I do keep thinking - how obsessive were you with staying true to the mythology when you brought a new character/god/whatever into the story? I like what you did with Eve. But were you worried that some people would say you changed a certain thing too much to fit the story?

Also - I know you self published a small run of this years and years ago. I know when Brandon got Out of Touch published, he did some extensive rewrites and improvements. How much has this book changed since then?

monkeywright's picture
monkeywright from Los Angeles is reading The Narrows by m. craig May 12, 2013 - 9:33am

Gordon: I started to regret having such a main traveling party as the novel grew. Finding business for other characters can be difficult, although with Lenny not having a body, it made keeping him occupied a little easier.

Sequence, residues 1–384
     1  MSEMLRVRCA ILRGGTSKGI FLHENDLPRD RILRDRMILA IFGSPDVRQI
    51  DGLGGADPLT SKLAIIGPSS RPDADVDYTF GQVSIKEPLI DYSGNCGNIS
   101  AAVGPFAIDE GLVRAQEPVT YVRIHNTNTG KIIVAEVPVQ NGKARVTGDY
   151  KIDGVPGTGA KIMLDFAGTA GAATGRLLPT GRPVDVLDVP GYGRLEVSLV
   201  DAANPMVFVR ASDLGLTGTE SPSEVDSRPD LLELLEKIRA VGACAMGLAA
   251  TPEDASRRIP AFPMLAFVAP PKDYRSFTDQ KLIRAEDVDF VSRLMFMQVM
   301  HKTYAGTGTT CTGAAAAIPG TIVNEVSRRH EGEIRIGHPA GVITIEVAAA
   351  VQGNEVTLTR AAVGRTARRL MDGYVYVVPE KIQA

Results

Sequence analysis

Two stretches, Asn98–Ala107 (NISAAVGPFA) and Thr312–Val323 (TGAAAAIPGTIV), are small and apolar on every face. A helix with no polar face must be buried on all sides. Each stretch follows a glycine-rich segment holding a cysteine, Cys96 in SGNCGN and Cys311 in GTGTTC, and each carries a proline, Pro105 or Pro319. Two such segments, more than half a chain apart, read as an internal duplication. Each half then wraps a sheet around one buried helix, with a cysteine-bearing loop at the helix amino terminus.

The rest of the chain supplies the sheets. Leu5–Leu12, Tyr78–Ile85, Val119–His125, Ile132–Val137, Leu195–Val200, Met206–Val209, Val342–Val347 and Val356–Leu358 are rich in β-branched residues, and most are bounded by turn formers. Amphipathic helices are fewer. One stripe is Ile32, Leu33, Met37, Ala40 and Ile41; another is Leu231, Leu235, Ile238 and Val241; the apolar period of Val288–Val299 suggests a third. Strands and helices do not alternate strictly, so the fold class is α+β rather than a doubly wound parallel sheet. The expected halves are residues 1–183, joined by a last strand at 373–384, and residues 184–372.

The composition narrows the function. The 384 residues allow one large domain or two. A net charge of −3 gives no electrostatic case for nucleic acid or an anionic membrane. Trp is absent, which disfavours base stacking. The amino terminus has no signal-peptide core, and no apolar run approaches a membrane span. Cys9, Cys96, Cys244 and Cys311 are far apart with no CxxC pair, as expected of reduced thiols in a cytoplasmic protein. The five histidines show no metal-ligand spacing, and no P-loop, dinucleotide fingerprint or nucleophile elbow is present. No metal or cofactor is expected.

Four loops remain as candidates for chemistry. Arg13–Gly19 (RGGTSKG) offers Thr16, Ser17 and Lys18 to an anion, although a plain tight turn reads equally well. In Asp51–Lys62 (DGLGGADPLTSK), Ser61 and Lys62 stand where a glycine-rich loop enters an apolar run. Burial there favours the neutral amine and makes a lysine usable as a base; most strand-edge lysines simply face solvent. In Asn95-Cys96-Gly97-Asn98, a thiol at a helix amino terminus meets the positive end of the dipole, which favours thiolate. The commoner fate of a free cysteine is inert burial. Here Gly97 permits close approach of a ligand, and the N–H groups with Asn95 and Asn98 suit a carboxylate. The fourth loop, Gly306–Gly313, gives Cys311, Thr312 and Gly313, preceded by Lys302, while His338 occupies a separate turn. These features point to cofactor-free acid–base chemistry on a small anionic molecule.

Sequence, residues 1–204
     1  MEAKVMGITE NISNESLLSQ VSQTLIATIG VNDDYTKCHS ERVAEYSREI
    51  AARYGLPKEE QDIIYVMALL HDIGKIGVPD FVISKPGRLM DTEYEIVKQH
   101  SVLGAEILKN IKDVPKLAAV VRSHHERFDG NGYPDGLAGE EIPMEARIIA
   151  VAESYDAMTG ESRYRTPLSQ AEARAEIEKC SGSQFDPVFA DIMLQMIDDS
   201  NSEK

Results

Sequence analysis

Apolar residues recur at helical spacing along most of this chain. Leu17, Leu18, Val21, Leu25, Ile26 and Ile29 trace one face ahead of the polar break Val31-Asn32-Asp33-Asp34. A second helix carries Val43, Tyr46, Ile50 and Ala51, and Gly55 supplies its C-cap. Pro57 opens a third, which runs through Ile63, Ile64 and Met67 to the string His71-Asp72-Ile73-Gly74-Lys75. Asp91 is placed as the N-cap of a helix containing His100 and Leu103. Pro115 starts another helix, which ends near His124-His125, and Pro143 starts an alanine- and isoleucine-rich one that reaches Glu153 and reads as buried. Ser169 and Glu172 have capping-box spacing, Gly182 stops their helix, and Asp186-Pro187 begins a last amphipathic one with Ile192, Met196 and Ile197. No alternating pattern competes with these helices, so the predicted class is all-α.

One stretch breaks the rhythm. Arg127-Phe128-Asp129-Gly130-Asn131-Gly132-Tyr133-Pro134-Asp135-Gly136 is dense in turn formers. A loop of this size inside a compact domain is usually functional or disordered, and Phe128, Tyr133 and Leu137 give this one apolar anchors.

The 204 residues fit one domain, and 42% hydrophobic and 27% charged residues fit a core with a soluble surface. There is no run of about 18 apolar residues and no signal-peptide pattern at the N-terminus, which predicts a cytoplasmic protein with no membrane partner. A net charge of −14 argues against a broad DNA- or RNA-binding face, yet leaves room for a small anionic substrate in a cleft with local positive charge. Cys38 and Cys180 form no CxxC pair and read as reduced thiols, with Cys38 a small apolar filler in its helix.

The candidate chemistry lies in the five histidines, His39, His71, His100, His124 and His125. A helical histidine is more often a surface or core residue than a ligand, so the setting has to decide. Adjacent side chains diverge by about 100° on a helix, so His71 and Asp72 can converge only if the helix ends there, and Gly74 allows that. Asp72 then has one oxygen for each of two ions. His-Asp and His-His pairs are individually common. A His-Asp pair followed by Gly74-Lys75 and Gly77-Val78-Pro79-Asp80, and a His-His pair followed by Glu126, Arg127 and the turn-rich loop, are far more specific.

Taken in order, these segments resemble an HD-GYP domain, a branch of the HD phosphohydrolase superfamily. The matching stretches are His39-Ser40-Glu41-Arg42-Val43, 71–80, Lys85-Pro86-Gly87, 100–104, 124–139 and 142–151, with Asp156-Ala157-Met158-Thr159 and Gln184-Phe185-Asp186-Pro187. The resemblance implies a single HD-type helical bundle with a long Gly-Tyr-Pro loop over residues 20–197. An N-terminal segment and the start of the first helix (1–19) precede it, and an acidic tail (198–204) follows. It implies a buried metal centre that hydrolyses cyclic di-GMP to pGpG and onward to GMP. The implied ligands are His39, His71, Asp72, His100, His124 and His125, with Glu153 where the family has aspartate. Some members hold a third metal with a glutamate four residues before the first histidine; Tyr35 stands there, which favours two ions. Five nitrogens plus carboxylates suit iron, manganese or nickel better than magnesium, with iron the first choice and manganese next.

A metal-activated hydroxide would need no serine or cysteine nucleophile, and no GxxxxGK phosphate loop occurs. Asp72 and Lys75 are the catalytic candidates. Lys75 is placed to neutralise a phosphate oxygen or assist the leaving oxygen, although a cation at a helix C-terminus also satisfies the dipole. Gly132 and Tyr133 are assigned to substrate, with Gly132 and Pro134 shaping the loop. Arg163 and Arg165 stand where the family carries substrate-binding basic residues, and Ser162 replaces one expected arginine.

Stuart: Since the story dealt with archetypes, I wanted a monkey sidekick, because most action movies growing up had monkey sidekicks. And I lucked out, because Monkey (Sun Wukong) is a bonafide Chinese God, and better still, one that was invented quite recently. (http://en.wikipedia.org/wiki/Sun_Wukong). I figured it might be my only chance to write about monkeys, might as well go all-out. He may get a spinoff novel down the road.

Pete: I wanted to stay as close as I can to the core idea of the character but leave plenty of room for improvising. In most cases, I looked at each character and wondered how their lives had moved on past their exit from the stage in whatever legend they were from. Goliath is slain, goes to Hell, then what? He loves fighting. Keeps fighting. If a God is forgotten, do they go mad (Rashn)? Struggle with disappearing relevancy (Nin-Agal)? Harbor grudges against their one-night stands (Hecate)?